A: As a hand held task light (Jacklamp on plug and power switched to plug).
A: As an extended task light, with Jacklamp on a cable plugged into the jack ( off when power is switched to the plug and on when power is to the jack). As an extended task light the Jacklamp Caddy may be carried in your purse, pack or pocket and the Jacklamp on the end of the cable may be hand held or fastened to hat, head band, purse strap, pocket, belt, wrist or finger.
Q: Are there other uses for the Jacklamp Caddy?
- A: I turned my laptop light into a handheld task light with the Jacklamp Caddy. The USB Caddy version will power a USB light plugged into its jack (off power to plug, on power to jack). As a power source for a USB light the Jacklamp Caddy can act as a base when set on a flat surface or as counter weight when the light is hung over something or around your neck. I also use the Firewire version to power my G1 iPod when its battery goes dead.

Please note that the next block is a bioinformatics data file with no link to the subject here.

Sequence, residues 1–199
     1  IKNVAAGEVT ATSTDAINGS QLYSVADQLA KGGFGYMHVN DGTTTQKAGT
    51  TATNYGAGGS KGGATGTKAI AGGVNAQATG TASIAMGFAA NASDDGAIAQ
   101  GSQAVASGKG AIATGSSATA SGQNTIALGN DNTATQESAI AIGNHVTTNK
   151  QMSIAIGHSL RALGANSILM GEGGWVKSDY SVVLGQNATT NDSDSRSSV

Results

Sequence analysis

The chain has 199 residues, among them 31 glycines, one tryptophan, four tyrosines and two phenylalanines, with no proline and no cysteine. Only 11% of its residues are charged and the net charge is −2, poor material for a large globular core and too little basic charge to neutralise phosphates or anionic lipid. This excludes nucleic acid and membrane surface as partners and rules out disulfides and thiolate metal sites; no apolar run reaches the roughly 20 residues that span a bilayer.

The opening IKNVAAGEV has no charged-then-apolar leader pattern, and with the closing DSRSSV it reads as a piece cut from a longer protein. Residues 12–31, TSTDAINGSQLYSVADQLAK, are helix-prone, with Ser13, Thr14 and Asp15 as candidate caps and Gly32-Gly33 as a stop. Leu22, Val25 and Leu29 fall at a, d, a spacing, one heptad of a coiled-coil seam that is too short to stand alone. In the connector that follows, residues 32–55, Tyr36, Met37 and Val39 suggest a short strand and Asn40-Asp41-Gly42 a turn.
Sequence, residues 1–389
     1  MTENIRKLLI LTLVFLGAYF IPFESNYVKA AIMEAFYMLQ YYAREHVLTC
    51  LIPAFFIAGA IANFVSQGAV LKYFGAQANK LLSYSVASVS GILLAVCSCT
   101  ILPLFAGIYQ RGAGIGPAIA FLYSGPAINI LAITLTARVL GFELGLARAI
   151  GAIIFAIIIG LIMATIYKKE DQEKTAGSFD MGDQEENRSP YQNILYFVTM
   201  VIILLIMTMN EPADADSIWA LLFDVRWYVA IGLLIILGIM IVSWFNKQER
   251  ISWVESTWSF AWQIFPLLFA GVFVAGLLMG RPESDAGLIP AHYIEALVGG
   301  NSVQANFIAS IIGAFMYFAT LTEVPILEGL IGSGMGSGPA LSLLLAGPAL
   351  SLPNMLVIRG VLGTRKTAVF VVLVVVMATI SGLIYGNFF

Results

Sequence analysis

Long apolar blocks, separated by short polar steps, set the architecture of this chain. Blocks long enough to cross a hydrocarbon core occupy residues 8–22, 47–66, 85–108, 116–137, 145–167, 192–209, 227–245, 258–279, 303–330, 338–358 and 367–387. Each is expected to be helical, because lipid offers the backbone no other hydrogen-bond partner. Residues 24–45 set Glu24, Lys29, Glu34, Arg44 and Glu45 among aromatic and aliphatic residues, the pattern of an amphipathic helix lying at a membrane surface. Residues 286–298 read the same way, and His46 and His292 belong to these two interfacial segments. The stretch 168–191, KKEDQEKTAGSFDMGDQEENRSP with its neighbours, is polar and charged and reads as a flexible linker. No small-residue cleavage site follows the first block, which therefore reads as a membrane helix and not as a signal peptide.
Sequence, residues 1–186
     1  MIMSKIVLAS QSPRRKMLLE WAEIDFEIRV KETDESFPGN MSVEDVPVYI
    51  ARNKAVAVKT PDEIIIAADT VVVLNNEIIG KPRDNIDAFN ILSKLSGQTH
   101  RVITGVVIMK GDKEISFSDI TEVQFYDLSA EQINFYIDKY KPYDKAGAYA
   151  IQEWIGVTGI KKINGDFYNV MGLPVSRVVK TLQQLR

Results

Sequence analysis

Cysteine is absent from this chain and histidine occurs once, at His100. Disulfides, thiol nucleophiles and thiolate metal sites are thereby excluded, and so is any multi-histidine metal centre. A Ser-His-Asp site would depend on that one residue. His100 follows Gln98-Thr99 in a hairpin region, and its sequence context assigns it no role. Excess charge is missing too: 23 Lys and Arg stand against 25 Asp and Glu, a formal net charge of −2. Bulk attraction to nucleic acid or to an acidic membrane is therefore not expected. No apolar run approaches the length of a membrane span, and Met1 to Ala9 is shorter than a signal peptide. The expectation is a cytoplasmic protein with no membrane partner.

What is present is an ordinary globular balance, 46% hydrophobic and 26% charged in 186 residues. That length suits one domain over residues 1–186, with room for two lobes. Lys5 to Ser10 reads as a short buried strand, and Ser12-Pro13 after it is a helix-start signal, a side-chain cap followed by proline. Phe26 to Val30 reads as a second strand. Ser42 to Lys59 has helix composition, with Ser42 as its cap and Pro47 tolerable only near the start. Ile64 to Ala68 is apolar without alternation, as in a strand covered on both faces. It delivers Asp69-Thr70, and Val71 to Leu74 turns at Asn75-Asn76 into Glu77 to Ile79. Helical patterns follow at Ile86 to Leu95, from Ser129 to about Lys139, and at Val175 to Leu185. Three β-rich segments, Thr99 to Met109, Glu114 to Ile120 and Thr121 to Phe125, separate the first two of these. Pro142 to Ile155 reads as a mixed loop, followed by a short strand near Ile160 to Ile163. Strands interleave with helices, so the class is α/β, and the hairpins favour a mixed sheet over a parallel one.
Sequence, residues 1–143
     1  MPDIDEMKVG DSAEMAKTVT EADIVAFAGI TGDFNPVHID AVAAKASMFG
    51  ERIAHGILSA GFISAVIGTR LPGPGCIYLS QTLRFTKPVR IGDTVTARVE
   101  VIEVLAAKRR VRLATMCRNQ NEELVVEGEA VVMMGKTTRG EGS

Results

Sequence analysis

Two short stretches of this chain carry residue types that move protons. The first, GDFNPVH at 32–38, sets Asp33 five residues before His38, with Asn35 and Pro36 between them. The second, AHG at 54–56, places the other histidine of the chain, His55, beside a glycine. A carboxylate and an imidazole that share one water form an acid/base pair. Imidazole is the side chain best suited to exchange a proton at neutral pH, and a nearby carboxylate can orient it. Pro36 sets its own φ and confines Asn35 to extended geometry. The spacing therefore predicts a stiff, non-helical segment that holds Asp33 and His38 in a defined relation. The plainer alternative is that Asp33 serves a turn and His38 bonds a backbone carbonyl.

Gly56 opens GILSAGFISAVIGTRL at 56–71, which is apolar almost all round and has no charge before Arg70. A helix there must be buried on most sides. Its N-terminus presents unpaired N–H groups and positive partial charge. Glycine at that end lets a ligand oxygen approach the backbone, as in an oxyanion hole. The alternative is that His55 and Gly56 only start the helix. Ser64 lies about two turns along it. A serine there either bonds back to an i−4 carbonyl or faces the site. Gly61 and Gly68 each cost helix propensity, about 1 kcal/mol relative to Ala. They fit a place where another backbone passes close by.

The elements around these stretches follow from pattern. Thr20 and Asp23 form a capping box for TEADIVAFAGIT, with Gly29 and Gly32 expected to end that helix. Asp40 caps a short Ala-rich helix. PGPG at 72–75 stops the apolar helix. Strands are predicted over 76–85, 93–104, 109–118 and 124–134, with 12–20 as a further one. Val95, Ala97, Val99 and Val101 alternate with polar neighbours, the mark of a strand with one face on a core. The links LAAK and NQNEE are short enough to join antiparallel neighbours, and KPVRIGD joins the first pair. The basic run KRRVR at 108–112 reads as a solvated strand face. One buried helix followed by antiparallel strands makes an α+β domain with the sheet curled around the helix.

Q: Where did the Jacklamp Caddy idea come from?
A: The 1st Jacklamps I built were very handy, using the cables I already had and the power available from my bus powering devices. However carrying them around in my pocket caused some problems with lint, keys and coins. Also leaving them in my laptop bag meant a lot of times they were not handy, for example, in my car and around somebody else's computer insides or in a communications closet. So with the idea of finding/making a handy and safe carrier for those times I and the Jacklamps were in between powered cables, I looked at cigar tubes, reading glasses cases, a travel tooth brush caddy and old clunky pocket flashlight cases. The old flashlight cases worked well and made me think of not just carrying my jacklamps in them, but also powering them when a cable was unavailable.
Q: Where are the Jacklamps and Jacklamp Caddy available?
A: Soon available here www.jacklamp.com - check back.